Portrush RNLI Station Mechanic Dave Robinson was awarded a Vellum for his role in saving the life of a teenage boy in the sea off Portstewart Head in 2020. The lifeboat mechanic attached himself to a heaving line before jumping into the turbulent water and bringing the exhausted young man to safety. More information including video of the rescue here.

Portrush RNLI Station Mechanic Dave RobinsonHRH with Portrush RNLI Station Mechanic Dave Robinson Photo: Beaumont Photography

Lifeboat crew at Portrush RNLI are receiving two awards from the Institution for the rescue. Along with the Vellum for Dave Robinson, the Coxswain Des Austin, will receive a Chairman’s Letter of Thanks for ‘his professionalism, seamanship, and leadership under severe pressure’ during the rescue. He will receive his Letter at a presentation to be held locally later.

The callout occurred on Friday September 25th, 2020, when lifeboat crew responded to reports of a young boy spotted in the water off Portstewart Head. On arrival at the scene, lifeboat crew observed a teenage boy in the surf, waving his arms and flailing, while being pulled out to sea by the tide. In a dramatic rescue, a heaving line was attached to Mechanic Dave Robinson’s lifejacket, and he entered the water to reach the teenager, keeping hold of him in the choppy waters. Coxswain Des Austin manoeuvred the lifeboat in the breaking swell, to keep as close as possible to the casualty, while the mechanic kept hold of the boy until the lifeboat crew were able to hoist both to safety and return to shore.

Mark Dowie, RNLI Chief Executive said: ‘RNLI gallantry awards are given for saving life at sea and celebrate the courage, skill and dedication shown by our charity’s lifesavers.

‘To receive their awards at St James’s Palace from The Duke of Kent is an honour and as the charity’s chief executive, I am humbled and proud of all our volunteers and employees that make up this incredible institution. Every one of them and their families give so much to the charity and our purpose of saving lives at sea.’

Commenting on the honour for the station, Portrush RNLI Lifeboat Operations Manager Beni McAllister said, ‘Words can’t describe how proud I am of our incredible lifeboat crew in Portrush. We are all delighted for Dave on his gallantry award and for Des who will also be recognised for his role in the rescue. No crewmember goes out to get recognition or reward. They are selfless people who drop everything to answer a call for help and the people they leave behind at home and in the community take great pride in their actions. We had a full crew onboard the lifeboat that day, each one of them focused on saving that young boy’s life.’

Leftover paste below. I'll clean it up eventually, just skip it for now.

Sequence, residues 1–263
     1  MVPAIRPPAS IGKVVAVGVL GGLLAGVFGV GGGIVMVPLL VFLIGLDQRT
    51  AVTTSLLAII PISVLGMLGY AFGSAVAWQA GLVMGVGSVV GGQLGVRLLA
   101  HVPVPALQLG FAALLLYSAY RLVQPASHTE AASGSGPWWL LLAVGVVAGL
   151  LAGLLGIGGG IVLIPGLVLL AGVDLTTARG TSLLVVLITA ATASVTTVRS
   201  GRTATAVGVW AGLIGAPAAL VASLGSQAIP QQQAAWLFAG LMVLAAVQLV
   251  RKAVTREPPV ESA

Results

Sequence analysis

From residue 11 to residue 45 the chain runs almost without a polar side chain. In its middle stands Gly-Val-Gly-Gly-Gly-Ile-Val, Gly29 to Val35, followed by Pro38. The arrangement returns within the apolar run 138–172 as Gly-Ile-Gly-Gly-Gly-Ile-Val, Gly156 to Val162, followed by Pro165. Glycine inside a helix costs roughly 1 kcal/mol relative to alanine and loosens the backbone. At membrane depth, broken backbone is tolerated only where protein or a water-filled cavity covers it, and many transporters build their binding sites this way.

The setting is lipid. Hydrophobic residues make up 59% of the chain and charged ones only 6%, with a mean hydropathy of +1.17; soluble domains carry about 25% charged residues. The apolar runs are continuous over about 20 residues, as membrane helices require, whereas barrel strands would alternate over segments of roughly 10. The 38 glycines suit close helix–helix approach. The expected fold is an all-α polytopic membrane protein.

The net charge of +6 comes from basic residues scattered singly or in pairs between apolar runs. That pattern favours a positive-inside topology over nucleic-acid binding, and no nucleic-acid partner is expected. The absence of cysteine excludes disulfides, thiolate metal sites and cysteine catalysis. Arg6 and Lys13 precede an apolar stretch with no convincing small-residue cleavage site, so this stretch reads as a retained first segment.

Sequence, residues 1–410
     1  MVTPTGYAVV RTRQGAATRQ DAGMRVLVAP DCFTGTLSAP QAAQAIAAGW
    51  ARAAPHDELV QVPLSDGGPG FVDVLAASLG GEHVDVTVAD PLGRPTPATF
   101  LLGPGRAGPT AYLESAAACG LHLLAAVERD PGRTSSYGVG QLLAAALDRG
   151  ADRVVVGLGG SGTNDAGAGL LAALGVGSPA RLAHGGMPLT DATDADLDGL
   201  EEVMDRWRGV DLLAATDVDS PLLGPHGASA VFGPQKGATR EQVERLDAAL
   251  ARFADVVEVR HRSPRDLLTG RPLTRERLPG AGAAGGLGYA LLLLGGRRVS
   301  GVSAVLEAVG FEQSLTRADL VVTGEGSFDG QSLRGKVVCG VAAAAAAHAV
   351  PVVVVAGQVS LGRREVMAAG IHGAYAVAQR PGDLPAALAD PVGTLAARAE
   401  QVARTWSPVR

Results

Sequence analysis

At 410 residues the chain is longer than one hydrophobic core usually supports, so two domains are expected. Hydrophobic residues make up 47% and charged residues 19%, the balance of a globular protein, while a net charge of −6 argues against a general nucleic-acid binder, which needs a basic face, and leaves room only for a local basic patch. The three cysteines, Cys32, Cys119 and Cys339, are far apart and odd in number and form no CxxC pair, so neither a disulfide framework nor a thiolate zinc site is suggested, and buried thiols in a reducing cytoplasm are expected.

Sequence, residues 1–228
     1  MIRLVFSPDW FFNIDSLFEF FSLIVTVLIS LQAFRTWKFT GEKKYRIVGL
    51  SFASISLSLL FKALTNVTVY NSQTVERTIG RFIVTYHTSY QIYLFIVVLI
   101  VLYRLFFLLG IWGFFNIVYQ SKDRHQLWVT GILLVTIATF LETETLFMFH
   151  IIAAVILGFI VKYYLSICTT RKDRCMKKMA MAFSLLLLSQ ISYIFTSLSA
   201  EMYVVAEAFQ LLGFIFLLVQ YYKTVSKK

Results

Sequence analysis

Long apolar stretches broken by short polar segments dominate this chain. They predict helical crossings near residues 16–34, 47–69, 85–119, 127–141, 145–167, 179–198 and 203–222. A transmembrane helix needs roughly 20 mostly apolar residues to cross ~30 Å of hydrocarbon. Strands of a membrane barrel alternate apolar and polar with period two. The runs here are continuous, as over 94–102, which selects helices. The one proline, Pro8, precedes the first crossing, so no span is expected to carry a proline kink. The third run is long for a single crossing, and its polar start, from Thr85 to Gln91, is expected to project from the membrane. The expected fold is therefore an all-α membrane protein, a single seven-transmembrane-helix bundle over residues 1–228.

Portrush RNLI mechanic and Vellum recipient Dave Robinson added, ‘Receiving the RNLI Gallantry award from HRH the Duke of Kent was a huge honour and I felt I was receiving it on behalf of all the crew in Portrush RNLI. I remember that day so clearly and I knew that boy had only minutes left before he was in danger of drowning. I entered the water and trusted in my crew and my training and just went for it. That poor boy was exhausted when I reached him and the whole crew were elated that he was saved. I’m grateful for the Vellum and to receive it with my wife, Livvy, by my side.’

Among the awardees where the Coxswains of three Irish lifeboats Eamonn O’Rourke (Rosslare), Eugene Kehoe (Kilmore Quay) and Roy Abrahamsson (Dunmore East) who were all presented with Bronze Medals for Gallantry for their role in a rescue in October 2020 that saved nine lives and prevented a 100-metre cargo vessel, the Lily B, carrying 4,000 tonnes of coal, from hitting rocks at Hook Head. More info here

Coxswain Eamonn O’Rourke was also accorded a vellum for a rescue during Storm Ophelia in 2017 during conditions described by the crew as some of the worst they had ever witnessed. The crew battled 10-metre seas in force 12 conditions to save three lives. More information here